CHARLESTON, W.Va. (WDTV) -- Delegates, selected members of the media, attorneys and counsel for House Democrats, Joe Altizer, were guided through an approximately 40-minute tour of the offices belonging to the current and former West Virginia Supreme Court Justices, as an investigation to determine whether one or all of the justices should be impeached continues.
The majority of the tour was spent in Justice Allen Loughry's office, which included the $32,000 couch revealed by the State Auditors' Office in a report that led to Loughry's current suspension, indictment, and the impeachment investigation.
In addition to the couch, the group took note of an inlaid wooden floor designed just for the justice, as well as Loughry's television and professionally framed photographs on the wall.
Chief Justice Margaret Workman greeted visitors at her office. She sat behind the desk as she pointed out the only renovations made by taxpayer dollars were a built-in wooden cabinet and flooring.
“Where I spent the money that I spent was on permanent fixtures, all the built in cabinets, shelving and flooring that will be here a hundred years from now,” Workman said.
During the tour, Chief Justice Workman spoke to a media pool representative about controversy surrounding the tour, which was postponed from its original date after the Supreme Court put out a statement titled “House Judiciary Committee tour not open to media, public."
Workman said there was an initial disagreement over rules for the tour.
“I welcome anybody who wants to come in and see these offices. We have never closed these offices off to the press. Kennie Bass was here and took pictures months and months ago. But Art Angus our security guy really wants the layout not be published," she stated. “With this day and age, I think we’re aware of shooters and possible dangers.”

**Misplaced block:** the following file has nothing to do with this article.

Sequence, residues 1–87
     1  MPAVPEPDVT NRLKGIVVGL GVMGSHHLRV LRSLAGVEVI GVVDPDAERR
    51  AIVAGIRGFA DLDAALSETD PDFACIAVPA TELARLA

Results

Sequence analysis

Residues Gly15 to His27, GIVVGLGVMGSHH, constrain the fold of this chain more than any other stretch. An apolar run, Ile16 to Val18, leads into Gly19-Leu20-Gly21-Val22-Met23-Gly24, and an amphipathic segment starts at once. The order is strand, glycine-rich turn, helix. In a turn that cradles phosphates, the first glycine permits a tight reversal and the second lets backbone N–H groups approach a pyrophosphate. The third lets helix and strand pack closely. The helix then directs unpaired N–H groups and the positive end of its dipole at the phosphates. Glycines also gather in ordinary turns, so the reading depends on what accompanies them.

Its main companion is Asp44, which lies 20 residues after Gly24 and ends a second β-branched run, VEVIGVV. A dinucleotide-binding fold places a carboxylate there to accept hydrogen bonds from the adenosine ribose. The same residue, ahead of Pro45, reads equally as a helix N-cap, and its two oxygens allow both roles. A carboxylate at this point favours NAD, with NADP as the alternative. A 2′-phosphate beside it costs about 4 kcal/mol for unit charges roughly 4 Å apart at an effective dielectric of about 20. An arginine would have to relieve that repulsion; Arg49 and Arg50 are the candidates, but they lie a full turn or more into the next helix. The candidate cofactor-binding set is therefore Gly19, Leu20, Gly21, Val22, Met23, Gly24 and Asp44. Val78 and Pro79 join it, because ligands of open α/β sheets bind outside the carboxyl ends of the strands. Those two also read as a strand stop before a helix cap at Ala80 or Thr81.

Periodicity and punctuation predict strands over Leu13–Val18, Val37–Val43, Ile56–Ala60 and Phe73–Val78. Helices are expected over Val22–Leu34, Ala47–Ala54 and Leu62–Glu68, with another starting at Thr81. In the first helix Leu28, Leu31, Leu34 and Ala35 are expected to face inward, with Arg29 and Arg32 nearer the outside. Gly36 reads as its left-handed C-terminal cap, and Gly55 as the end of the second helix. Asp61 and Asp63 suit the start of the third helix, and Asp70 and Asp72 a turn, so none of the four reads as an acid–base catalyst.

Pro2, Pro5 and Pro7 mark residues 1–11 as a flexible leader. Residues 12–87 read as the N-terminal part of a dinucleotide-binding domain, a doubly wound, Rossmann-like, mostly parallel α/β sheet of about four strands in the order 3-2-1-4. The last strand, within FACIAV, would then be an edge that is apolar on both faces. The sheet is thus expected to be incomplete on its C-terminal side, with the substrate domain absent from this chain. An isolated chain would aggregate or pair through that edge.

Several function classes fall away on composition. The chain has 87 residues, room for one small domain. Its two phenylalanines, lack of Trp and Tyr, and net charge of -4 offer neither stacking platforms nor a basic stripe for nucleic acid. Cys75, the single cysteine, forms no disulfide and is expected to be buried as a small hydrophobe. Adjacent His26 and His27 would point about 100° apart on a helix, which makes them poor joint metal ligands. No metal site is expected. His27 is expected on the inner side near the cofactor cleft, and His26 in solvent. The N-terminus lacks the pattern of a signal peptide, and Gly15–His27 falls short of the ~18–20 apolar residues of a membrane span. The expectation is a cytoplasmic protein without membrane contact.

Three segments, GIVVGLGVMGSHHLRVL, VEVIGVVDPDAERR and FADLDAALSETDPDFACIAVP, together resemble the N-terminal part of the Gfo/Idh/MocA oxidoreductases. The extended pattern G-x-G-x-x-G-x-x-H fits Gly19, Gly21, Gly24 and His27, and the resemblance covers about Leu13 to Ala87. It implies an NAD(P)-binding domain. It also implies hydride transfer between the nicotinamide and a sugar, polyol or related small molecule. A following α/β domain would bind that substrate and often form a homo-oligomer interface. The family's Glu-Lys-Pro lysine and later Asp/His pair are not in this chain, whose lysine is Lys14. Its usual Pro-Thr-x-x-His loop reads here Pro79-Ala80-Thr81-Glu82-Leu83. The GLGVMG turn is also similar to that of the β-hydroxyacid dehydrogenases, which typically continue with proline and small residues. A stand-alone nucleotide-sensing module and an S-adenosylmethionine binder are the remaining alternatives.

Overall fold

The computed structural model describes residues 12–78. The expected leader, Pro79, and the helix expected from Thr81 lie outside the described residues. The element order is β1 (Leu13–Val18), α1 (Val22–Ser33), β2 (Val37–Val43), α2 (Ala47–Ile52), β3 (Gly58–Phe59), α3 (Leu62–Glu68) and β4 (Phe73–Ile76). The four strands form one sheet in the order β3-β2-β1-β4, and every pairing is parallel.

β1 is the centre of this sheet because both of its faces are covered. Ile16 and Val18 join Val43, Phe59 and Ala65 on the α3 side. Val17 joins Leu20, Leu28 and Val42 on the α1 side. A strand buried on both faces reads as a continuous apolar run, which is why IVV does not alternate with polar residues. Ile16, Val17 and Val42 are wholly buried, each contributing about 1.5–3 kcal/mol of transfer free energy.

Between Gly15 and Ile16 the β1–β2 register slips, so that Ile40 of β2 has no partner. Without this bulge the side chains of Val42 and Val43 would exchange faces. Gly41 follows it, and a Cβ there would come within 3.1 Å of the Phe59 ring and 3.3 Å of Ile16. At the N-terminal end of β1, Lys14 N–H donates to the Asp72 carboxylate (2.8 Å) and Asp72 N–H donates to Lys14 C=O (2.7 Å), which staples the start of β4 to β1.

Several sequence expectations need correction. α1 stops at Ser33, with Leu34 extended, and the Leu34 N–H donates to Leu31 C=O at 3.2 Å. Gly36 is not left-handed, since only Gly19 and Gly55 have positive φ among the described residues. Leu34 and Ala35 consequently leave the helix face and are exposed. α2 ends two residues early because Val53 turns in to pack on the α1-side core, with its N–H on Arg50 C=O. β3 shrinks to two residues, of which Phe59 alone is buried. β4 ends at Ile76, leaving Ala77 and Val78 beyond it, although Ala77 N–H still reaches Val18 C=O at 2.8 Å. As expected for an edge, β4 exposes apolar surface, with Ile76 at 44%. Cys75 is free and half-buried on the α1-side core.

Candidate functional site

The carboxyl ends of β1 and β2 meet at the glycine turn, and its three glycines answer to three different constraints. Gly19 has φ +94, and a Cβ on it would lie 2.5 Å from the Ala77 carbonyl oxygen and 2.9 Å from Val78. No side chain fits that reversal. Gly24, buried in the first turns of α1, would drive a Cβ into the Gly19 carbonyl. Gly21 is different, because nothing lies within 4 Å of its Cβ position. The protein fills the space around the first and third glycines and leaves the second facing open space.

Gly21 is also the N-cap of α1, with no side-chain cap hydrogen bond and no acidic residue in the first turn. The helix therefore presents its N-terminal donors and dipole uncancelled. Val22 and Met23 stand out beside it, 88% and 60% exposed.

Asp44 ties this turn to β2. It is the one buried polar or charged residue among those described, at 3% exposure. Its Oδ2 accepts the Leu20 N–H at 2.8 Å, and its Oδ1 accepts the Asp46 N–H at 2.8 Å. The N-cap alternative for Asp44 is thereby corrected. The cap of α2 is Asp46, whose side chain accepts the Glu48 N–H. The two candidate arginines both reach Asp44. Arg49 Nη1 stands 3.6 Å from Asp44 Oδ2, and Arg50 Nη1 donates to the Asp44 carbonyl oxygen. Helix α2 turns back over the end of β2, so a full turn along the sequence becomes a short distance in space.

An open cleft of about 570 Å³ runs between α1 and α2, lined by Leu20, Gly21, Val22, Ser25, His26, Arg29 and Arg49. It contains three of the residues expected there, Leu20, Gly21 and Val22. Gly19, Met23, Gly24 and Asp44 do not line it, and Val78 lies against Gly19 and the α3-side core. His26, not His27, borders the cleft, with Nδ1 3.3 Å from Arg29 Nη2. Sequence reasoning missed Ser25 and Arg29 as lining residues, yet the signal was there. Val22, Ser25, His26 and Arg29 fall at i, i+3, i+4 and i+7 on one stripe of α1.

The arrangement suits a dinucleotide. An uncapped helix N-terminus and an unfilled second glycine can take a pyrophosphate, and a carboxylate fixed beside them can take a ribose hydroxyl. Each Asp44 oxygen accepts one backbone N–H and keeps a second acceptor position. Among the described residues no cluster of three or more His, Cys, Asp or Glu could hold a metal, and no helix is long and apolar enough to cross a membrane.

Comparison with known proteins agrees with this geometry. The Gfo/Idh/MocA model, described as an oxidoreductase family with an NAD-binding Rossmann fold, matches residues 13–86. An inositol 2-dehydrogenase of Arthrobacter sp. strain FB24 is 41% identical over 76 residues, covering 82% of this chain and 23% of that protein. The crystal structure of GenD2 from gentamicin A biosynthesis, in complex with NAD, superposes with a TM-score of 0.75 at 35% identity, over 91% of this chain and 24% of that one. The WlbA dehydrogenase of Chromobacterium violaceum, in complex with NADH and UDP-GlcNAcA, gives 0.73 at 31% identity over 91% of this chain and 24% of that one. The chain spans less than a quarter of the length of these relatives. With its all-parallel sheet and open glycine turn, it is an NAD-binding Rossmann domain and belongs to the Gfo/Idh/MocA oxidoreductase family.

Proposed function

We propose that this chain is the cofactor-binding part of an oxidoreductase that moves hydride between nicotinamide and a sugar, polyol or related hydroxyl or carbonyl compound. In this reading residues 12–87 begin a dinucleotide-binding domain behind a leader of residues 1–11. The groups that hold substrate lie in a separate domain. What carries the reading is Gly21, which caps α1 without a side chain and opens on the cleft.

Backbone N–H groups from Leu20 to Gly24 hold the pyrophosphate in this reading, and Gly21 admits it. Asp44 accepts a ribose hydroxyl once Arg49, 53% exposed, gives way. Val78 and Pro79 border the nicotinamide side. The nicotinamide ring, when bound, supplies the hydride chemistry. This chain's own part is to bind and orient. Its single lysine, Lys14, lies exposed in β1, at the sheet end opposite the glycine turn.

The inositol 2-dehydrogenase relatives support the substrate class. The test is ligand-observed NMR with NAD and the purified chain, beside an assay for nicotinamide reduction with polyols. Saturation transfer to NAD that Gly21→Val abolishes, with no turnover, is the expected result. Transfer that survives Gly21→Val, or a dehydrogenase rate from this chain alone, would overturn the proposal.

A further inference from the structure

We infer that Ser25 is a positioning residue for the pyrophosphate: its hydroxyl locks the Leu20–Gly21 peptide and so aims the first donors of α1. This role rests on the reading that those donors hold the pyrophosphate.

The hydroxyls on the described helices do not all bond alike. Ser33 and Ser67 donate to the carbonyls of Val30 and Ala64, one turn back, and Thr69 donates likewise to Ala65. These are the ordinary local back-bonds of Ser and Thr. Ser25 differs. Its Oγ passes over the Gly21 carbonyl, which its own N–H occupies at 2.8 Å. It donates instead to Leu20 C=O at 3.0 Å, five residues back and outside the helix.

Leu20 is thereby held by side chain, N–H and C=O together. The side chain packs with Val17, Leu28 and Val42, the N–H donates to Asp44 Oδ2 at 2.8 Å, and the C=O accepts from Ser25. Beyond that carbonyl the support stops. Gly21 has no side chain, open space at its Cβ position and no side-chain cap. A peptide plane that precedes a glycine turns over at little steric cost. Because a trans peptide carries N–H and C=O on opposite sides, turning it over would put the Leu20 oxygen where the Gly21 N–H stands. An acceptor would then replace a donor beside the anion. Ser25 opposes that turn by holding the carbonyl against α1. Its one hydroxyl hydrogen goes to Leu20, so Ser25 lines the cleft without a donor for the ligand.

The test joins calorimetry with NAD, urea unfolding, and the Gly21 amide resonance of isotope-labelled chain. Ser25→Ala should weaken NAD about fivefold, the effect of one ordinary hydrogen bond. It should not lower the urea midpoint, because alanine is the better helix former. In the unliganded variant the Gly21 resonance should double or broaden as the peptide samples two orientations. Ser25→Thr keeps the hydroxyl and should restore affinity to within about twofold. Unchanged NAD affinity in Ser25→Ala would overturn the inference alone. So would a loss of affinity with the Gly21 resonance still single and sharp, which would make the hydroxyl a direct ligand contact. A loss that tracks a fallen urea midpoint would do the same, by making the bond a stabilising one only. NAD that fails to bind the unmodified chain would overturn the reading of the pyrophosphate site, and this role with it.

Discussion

"Originally, I think our staff had talked with Chairman Shott and they had agreed it wasn’t a public meeting and there really wasn’t any controversy. However, I know some of the members had said it should be open. We had no objection to that, except for anything related to security," she added.
Workman also addressed a letter sent by the court to the House Judiciary Committee that referred to the hearings as a “fishing expedition” due to the broadness of them.
“The concern was we just wanted to know what the rules of the proceeding were going to be. On one hand, it’s been likened to the way a grand jury functions and yet if it were like a grand jury the members wouldn’t be going on talk radio or serving dinner to a witness.”
Workman referred to court administrator Steve Canterbury. After Canterbury testified in an all-day hearing, and accepted the invitation to eat dinner prepared by Chairman Shott’s wife, which was offered to all the delegates and staff.
“We need to get information from all sides, not just a side with an ax to grind,” Workman said.
“Just remember everything in here belongs to me but that was what cost a few dollars as well as the floor. And those things will be here a few hundred years from now,” she said, pointing at the wood cabinets," she added at the interview's conclusion.
Delegates did not have many comments on Justice Beth Walker’s Office, but the conversation picked up in Justice Davis' office--the most expensive renovation. Items noted included two Edward Fields floor rubs with a value of $28,000 and a desk chair valued at $8,000, which Davis has claimed helps with arthritis pain.
Little was left of Justice Menis Ketchum's office, as his resignation from the court has already taken effect. However, there were framed personal items, such as newspaper clippings and other keepsakes that Ketchum has not been allowed to retrieve yet, as the framing was done with public funds and is part of the investigation.
Ketchum's office also contained a table and two desks associated with Capitol architect Cass Gilbert.
The tour also included a look at other areas of the office space, including the office of counsel and the Supreme Court chambers.